An Account of the Manner in Which Sentences of Penal Servitude Are Carried Out in England, by Edmund F. Du Cane
I must admit that when I read this book I had never heard of Edmund F. Du Cane before. Although I have an interest in penalogy which may surprise many people , it is rare when a book falls into my hands that deals with prison in such a delightful manner. At least, I should say, it is a delightful book when viewed from a certain perspective, assuming that one does not face the threat of imprisonment. As a general within the Royal Engineers and an experienced prison administrator, this book bears all the hallmarks of someone who knows prisons well and who also has the approach of an engineer, which is perhaps why I found this to be such a congenial read and found its analytical and clinical approach to be so winsome when compared with the sort of heated rhetoric one often hears about prison from the advocates of the criminal class. This is the work of someone who has no personal hostility to those he guards, but has a high sense of duty about the nobility of his office as jailer, and that sort of espirit d’corps is not something that often comes out in writings about prison.
This book is a relatively short one at only about 140 pages, and it shows all the marks of being written by an engineer. For one, the book is full of statistics, about the death rates of prisoners, about the numbers of people imprisoned over a series of years to the rates of literacy among the prison population. For another, the book is organized in a very precise way, with chapters on such matters as the system of payment for prisoners and some sixteen appendices at the end of the book that take up nearly half of the book’s contents. The book includes the author’s accounts of how the English sought to prevent the development of a criminal class within the nation through the transportation of criminals (including at least one of my own ancestors) and sought to balance some complex aims within prisons, including spiritual rehabilitation, the discouragement of crime as an option, and the provision of education and encouragement so that people could avoid being stuck in cycles of imprisonment. Although this book was written and published in the late 19th century, its discussion of the goals of imprisonment and the tangled mix between economic, moral, and educational matters is no less relevant for our own age.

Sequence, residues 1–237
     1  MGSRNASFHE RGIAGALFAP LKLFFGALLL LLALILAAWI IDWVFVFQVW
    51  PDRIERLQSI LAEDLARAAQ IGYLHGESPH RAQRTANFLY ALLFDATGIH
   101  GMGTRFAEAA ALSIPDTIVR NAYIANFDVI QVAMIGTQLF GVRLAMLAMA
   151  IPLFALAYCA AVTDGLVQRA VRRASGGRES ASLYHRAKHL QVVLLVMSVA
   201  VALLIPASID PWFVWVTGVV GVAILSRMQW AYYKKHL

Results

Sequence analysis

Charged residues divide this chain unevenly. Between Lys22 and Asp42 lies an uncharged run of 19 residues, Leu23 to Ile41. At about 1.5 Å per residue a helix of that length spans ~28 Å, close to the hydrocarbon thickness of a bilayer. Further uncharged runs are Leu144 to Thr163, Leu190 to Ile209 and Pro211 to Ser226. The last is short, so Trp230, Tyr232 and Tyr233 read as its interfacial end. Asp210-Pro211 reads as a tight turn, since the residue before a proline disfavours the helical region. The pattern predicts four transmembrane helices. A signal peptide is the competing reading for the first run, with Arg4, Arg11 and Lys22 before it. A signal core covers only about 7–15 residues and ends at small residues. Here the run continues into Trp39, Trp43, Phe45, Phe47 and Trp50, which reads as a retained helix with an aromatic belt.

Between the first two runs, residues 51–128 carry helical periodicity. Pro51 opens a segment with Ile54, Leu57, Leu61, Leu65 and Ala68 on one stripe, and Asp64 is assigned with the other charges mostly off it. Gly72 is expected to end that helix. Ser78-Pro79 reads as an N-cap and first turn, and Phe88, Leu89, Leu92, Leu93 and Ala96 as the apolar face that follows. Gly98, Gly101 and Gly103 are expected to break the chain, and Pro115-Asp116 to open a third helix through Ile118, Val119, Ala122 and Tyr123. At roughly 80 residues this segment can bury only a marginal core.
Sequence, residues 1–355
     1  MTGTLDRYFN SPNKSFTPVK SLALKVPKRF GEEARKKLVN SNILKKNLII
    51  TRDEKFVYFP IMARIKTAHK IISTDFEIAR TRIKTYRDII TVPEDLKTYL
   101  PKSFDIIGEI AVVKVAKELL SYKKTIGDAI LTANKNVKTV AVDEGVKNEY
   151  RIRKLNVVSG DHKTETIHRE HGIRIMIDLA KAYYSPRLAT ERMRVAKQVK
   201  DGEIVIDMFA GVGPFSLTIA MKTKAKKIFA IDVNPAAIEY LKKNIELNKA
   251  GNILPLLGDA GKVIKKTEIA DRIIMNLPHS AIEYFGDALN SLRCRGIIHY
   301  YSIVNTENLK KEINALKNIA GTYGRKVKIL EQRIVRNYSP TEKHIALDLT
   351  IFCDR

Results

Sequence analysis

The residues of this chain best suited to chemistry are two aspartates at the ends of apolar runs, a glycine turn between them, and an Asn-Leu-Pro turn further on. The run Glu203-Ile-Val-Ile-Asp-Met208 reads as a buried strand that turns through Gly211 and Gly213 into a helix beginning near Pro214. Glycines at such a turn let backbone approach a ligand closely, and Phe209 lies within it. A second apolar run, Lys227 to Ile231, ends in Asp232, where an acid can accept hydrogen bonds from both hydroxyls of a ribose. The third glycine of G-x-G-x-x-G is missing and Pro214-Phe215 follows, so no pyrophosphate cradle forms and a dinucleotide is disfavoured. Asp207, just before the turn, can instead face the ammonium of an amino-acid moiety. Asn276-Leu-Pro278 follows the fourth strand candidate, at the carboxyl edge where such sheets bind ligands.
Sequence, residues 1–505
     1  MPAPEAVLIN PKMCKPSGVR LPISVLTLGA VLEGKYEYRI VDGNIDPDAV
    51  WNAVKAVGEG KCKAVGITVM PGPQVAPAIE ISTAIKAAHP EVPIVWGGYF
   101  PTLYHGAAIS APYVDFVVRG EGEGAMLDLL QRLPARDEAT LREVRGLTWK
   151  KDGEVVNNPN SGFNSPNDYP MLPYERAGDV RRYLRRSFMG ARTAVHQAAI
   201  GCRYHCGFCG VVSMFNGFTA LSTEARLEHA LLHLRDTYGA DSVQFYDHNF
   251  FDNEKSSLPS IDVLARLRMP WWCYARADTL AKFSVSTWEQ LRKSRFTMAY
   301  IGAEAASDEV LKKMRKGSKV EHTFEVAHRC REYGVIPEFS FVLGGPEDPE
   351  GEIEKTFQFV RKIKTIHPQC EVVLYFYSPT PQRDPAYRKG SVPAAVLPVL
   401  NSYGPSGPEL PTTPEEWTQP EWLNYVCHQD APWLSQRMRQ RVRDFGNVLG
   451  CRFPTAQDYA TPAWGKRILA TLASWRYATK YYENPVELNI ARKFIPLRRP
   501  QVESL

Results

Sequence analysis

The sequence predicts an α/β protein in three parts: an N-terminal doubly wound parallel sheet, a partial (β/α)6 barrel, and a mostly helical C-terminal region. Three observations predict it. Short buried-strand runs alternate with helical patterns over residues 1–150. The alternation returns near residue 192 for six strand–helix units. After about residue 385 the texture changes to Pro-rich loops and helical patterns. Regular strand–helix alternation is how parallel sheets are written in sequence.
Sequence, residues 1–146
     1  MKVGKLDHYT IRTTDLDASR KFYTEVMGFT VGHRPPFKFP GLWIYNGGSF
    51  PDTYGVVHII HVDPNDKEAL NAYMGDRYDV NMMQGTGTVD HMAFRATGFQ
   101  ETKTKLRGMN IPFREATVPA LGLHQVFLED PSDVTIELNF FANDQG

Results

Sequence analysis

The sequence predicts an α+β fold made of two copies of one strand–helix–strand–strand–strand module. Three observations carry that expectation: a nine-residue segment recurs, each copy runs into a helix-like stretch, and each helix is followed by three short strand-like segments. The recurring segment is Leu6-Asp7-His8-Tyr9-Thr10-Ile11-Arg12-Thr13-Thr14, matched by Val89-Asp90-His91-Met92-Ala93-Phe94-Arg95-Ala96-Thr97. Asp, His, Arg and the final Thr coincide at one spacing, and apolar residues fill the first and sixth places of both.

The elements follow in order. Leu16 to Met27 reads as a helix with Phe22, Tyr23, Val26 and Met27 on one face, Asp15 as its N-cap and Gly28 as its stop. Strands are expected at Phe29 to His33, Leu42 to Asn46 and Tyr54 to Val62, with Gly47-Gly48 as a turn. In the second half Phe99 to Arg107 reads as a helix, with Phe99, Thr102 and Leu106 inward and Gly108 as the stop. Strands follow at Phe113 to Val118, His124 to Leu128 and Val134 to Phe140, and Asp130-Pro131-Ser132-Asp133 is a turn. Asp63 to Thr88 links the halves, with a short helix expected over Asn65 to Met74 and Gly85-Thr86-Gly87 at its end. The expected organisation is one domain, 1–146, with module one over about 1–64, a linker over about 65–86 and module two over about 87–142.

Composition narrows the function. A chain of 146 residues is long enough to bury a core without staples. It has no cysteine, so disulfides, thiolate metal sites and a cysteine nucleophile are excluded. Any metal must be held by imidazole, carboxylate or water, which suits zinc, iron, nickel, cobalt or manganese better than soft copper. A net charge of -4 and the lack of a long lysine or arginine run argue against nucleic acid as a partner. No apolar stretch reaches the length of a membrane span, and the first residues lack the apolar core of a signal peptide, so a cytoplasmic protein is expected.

To be sure, there are plenty of criticisms that can be made of this book. The number of years used for the study are too few to get a sense of the reasons for the declining crime during the time selected, as there are generational cycles of crime that require a look at a much longer duration of time. Not all readers will view with the same degree of equanimity the way the writer spends a lot of time talking about the need for prisons to recoup their investments and provide only the minimum acceptable amount of food so as to keep prison from being a lure to those making honest efforts at work on the outside. The author deserves a considerable amount of credit for having thought of some of the larger repercussions of imprisonment and the factors that tend to lead to the development and fostering of a criminal class, and the author’s lack of rancor with regards to prisoners and his desire for genuine rehabilitation and improvement speak highly as to his honor. To be sure, though, the author’s notes as to the rules of prison (which include substantial fines for “loud talking”) make it clear that prison is not a place anyone ought to desire to be, and that some of us would fare badly in even the most enlightened prison regimes.
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